The tremendous beauty and ingenuity of Roman architecture remained a visual testament of a culture that rose to power and became a dominant force that conquered and governed a vast empire spanning Europe, Asia Minor and Northern Africa. Since Roman architects assimilated Greek and Etruscan styles with their own, developing excellent engineering skill, we can still marvel at their spectacular achievements today.
Such illustrations are the massive Colosseum ruins and the remarkable Pantheon, which still holds church services. Because many architects of the past admired Roman art and architecture, we can find many distinctive traces throughout the United States as well.
[...] References: Architect of the Capital. (2011). The Statue of Freedom. Retrieved from http://www.aoc.gov/cc/art/freedom.cfm Architect of the Capital. (2011). The United States Capital Dome. Retrieved from http://www.aoc.gov/cc/capitol/dome.cfm Cupola. (2011). In Encyclopedia Britannica. Retrieved from http://www.britannica.com/EBchecked/topic/146711/cupola Kentucky Education Television. (2011). How Romans build roads. Retrieved from http://www.dl.ket.org/latin3/mores/techno/roads/construction.htm Loth, C. (2008). Palladio's Influence in America. Retrieved from https://jscholarship.library.jhu.edu/bitstream/handle/1774.2/32824/Pall adioAmerica_FINAL.pdf\ Pearson Education. (2011). Renaissance Refinements. Retrieved from http://www.infoplease.com/ce6/world/A0857796.html Pearson Education. (2011). Roman and Byzantine Domes. Retrieved from http://www.infoplease.com/ce6/world/A0857795.html Pennsylvania State University. (2001, March 23). Architecture: Roman. [...]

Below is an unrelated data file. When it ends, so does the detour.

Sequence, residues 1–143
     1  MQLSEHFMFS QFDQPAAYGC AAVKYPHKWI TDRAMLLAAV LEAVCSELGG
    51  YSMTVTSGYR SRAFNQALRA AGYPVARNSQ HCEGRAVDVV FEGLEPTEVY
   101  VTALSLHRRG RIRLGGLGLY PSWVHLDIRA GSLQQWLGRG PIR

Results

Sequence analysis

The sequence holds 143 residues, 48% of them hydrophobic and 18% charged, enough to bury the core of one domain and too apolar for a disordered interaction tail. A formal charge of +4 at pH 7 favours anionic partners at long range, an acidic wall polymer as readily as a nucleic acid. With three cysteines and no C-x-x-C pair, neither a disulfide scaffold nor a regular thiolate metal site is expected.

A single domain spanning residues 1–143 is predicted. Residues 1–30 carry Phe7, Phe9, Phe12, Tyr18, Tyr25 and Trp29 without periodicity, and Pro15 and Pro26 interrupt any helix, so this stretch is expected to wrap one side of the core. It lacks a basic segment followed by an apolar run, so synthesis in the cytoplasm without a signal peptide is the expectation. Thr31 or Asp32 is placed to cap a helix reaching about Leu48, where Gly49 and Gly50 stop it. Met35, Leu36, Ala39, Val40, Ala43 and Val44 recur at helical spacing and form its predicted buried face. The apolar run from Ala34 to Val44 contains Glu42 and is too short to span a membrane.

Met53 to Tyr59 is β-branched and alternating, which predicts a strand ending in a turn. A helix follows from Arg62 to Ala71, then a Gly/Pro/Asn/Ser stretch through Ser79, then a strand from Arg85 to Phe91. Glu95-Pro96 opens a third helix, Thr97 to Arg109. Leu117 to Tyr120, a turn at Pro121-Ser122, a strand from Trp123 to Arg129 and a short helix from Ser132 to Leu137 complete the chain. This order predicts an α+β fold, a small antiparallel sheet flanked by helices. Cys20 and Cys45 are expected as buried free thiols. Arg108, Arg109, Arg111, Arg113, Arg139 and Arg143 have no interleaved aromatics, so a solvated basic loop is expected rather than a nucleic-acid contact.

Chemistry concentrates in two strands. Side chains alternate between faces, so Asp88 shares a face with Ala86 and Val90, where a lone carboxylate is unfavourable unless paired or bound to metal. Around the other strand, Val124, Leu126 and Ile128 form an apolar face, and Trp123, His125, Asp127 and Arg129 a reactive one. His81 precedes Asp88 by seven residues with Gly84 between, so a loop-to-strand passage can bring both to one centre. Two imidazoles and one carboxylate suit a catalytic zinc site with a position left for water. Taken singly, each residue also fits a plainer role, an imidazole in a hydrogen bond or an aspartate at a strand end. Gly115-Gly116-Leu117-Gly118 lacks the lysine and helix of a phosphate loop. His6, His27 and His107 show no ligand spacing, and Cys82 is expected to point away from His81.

[...] Echoes of Roman architecture still resonate within in America through arches. The arch itself preceded Roman time; however, they adapted the technology, relieving them of the Greek's post and lintel system. Obviously, the Roman's adjusted the design to allow building materials like bricks and stone to withhold much tension. What gives their arch such distinction, besides its semi-circular span, is that all the bricks or stones were cemented, pushing outward and downward. Proof of engineering methods is the illustrious Pont du Gard aqueduct near Nîmes, France (PSU, 2001). [...]
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